Accessible Beige

SW Accessible Beige Board & Batten
Regan Baker Designs - houzz.com


Urbane Bronze

Restoration Hardware

 The Upholstery will include an English roll arm sofa in a neutral fabric & 2 vintage chairs slipcovered in this ticking stripe (from Walmart of all places!)

     I can't wait to get started on this beautiful home.  Look for more details (& plans) mid-July.

Happy Weekend!


Lunch & Lessons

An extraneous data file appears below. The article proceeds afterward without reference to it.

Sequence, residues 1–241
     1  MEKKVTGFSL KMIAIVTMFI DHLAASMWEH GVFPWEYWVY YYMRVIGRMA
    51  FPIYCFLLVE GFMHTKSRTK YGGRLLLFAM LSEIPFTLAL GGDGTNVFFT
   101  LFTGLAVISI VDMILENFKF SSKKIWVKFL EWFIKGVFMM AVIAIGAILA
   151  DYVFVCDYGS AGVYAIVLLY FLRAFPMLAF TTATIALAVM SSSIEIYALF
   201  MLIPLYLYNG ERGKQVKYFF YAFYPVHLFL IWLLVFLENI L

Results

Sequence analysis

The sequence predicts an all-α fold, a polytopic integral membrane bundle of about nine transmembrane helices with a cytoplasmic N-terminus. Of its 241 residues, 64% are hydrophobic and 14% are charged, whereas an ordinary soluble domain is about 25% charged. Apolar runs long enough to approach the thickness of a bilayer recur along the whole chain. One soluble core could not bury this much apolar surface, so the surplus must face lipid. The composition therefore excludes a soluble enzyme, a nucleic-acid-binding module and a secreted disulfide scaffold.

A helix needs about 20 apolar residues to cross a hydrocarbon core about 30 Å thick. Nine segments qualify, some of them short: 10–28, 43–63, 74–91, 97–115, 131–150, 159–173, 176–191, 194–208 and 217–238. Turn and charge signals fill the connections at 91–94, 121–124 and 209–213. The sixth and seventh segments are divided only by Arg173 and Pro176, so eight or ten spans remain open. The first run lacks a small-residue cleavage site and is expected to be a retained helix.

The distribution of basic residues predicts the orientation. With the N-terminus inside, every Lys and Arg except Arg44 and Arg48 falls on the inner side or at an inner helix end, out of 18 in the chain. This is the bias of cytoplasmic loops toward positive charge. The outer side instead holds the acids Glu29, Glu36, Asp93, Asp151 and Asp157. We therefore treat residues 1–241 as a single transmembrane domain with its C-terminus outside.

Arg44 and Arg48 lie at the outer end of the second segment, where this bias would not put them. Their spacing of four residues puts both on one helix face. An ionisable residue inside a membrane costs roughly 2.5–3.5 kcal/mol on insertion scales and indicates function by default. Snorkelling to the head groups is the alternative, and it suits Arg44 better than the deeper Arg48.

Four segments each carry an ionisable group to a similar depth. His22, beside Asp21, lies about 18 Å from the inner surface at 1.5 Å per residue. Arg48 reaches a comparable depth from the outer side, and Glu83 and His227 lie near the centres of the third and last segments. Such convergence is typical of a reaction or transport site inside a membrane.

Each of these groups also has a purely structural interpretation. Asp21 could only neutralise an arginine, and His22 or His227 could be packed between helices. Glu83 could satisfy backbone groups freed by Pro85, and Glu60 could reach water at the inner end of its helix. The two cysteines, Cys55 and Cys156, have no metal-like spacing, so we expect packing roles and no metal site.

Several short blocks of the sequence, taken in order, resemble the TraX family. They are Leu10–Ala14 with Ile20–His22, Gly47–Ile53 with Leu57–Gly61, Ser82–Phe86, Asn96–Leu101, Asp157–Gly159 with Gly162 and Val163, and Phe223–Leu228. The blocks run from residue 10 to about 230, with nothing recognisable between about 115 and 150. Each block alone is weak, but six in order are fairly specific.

Last Friday, I had the honor of being invited to a luncheon attended by many of the Atlanta designers whose blogs I follow.  I have to admit, it was a little surreal having my online world collide with the real world.  Women whose work I have studied in numerous publications, & who I feel I know personally because I read their blogs on a regular basis, were in attendance.  Of course, my natural tendency in intimidating social situations is to become practically mute & simply observe.  I tried my best to mingle, but I was still a little in shock that I was actually a part of the shindig, so I'm not sure I said more than 10 words the whole time.